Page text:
“Oh, You’re Left-Handed?”
June 30, 2010 3 Comments
“I’m a left-handed person living in a right-handed person’s world.” –Eric C.
I am here to stay that I am definitely proud to say that I am left-handed and would not change that for anything in the world. However, I think that a lot of my counterparts see me being left-handed as abnormal, or even weird. There’s nothing wrong with being predominantly left-handed; I feel that there’s a lot of misconceptions of being left-handed.
From the time that I was a small kid up until now, when people saw me writing with my left-hand, the responses would be, “Oh, I didn’t know you were left-handed”, “Is there something wrong with your right-hand?”, “Why don’t you write with you other hand?”. As a child, many people had the perception that I was socially immoral for using my left-hand to do a lot of daily activities. I even tried writing with my right-hand numerous times growing up. Even though I could write decently with my right hand, I just did not see the point with switching my writing style to another hand in order to feel “right”.
Just until recently, I did not realize the amount of discrimination made toward those that are left-handed. A lot of products that we use nowadays are geared majorly toward right-handed individuals such as scissors, school desks, and even keyboards. When you go to the store, you won’t see something on the label such as “Product made for right-handed people”, they just usually assume that the product should be compatible to both hands. That is not always the case.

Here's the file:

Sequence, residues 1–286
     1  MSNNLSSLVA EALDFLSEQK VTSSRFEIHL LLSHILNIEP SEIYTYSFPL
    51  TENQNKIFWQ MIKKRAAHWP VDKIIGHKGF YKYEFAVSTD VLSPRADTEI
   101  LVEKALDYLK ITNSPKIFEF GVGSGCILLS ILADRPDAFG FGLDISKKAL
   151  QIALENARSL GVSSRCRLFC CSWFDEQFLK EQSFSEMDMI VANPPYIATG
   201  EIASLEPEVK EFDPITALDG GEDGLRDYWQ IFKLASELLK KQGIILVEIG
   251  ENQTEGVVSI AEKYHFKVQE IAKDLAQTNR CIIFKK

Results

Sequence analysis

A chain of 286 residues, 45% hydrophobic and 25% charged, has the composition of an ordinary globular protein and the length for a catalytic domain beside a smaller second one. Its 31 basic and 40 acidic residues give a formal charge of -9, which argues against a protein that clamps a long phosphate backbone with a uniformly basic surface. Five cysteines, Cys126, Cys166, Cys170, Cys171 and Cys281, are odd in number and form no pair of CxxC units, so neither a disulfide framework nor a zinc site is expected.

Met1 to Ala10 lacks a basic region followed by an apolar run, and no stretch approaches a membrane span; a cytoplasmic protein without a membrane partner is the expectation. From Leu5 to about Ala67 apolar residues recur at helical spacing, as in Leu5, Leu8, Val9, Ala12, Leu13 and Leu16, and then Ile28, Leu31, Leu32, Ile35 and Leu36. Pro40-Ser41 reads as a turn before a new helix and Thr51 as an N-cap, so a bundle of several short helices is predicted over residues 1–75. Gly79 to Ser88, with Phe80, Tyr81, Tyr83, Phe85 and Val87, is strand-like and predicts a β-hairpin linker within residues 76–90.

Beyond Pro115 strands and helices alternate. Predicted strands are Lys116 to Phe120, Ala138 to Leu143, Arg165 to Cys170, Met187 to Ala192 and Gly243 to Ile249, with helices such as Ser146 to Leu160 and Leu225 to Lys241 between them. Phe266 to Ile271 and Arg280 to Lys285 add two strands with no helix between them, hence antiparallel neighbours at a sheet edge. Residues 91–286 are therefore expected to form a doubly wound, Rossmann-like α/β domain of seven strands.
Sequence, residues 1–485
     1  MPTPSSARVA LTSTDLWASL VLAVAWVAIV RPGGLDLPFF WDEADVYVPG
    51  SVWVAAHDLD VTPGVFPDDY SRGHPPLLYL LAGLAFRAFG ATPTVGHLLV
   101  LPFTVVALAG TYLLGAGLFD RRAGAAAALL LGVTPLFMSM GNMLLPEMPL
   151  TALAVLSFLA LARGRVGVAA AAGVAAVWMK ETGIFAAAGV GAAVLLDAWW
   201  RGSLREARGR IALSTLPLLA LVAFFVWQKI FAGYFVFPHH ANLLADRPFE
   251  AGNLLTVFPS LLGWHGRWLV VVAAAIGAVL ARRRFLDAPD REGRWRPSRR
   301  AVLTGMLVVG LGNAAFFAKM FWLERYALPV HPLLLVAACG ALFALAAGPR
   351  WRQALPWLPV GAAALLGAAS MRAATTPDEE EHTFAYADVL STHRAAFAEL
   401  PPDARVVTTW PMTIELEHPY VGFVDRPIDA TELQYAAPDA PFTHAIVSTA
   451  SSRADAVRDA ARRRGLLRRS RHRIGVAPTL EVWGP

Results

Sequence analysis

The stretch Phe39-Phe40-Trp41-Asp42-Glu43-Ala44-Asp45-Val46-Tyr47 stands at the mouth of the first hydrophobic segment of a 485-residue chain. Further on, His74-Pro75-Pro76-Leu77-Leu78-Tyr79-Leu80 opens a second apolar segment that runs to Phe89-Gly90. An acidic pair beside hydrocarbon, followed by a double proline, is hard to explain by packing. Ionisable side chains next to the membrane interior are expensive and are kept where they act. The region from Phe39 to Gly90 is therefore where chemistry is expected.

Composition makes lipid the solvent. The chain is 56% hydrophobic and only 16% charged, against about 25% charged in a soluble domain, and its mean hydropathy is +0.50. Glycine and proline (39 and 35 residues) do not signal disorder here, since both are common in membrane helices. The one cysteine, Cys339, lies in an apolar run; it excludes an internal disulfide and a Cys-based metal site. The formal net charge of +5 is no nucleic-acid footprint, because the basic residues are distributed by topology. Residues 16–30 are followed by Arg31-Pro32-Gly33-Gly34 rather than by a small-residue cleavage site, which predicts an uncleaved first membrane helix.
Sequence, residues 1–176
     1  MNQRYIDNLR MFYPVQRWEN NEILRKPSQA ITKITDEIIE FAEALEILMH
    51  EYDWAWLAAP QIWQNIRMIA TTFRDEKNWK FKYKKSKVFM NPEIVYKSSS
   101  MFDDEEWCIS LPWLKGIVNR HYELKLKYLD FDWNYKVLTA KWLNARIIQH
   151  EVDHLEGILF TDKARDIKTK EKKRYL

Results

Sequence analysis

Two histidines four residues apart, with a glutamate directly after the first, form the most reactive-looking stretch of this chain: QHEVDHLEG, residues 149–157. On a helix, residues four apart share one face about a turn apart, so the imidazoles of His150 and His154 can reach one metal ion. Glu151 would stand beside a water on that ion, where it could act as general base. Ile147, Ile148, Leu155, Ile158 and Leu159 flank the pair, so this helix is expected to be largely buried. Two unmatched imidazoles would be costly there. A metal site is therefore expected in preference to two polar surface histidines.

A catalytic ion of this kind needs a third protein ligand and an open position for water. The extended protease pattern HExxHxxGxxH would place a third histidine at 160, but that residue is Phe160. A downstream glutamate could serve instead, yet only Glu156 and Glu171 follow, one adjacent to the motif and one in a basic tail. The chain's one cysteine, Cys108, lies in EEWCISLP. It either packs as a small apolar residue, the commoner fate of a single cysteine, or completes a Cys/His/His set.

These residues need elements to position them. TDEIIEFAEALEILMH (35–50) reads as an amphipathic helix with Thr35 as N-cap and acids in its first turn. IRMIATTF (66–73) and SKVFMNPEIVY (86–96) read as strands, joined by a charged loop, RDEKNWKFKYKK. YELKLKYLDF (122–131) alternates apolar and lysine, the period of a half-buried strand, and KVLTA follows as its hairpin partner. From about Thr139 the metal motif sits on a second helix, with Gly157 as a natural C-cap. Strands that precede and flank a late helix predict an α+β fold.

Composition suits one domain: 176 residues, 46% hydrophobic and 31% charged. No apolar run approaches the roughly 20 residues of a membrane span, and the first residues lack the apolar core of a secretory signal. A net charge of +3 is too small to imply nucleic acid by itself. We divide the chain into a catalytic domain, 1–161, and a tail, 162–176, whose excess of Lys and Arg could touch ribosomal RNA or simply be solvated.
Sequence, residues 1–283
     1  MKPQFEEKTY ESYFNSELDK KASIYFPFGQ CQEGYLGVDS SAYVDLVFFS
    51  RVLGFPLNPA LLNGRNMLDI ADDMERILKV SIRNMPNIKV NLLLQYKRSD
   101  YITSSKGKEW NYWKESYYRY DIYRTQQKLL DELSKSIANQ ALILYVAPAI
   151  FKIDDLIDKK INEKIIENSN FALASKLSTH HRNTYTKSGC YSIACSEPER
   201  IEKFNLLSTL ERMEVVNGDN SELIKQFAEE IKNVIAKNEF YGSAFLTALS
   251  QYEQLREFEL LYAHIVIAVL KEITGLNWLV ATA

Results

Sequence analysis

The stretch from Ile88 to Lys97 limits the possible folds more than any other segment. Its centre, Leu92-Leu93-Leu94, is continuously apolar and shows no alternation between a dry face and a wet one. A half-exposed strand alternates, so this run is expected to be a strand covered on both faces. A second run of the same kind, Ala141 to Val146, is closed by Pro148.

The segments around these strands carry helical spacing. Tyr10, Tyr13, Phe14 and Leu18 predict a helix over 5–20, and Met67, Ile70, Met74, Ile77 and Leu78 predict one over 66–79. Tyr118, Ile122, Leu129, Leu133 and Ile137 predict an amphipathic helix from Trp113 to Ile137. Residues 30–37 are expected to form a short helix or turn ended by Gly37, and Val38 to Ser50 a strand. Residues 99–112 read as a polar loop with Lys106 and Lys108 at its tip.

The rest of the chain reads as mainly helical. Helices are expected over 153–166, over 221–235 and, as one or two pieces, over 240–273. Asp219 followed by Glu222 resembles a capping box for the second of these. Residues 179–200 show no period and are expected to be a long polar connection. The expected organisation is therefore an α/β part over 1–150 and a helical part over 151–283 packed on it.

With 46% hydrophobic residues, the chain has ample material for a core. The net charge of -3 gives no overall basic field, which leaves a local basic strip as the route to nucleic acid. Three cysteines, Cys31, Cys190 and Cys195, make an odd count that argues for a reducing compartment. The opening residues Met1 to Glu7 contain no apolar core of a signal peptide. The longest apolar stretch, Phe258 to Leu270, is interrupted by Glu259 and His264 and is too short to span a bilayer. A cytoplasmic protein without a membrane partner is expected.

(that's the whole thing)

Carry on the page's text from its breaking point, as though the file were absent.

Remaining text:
There is a misconception that left-handed people are not as smart, uptight, or maintained as right-handed people. What does the following group of well-known individuals have in common: Bill Clinton, Barack Obama, Steve Forbes, H. Ross Perot, Kurt Cobain, Jimi Hendrix, Issac Hayes, Tim Allen, and Robert DeNiro. You guess it: they are all left-handed. I would conclude that based on their well-tracked success that they don’t have a problem succeeding in the world.
So, how does a person generally become left-handed? Let’s talk about the brain structure first. Our brain structure, which is asymmetrical, is divided into two parts: left hemisphere and right hemisphere. The left side deals with controlling speech and language, while the right side controls emotion and imagination. For a left-handed individual, the brain structure symmetry is flipped around. The right side of the brain controls the body in this instance.
One theory of left-handedness came from the University of Oxford. Scientists discovered in 2007 that the gene LRRTM1 (Leucine Rich Repeat Transmembrane Neuronal 1) plays a role in whether a person will be left or right-handed. According to Doctor Cycle Francks, a co-author of the extensive research project on LRRTM1:
“We think that this gene affects the symmetry of the brain. LRRTM1 is not essential for left-handedness, but it can be a strong contributing factor.”
Being left-handed is definitely a minority, which only makes up approximately anywhere from ten to thirteen percent of the world population depending on surveys and studies you look at online. Does this mean that the same varying percentage of people are “inferior” to right-handed people? Absolutely not. Being left-handed is not a child deficiency, and shouldn’t be treated as such. Left-handed people are not inferior to the right-handed, no matter what myths, generalizations, or stereotypes are out there.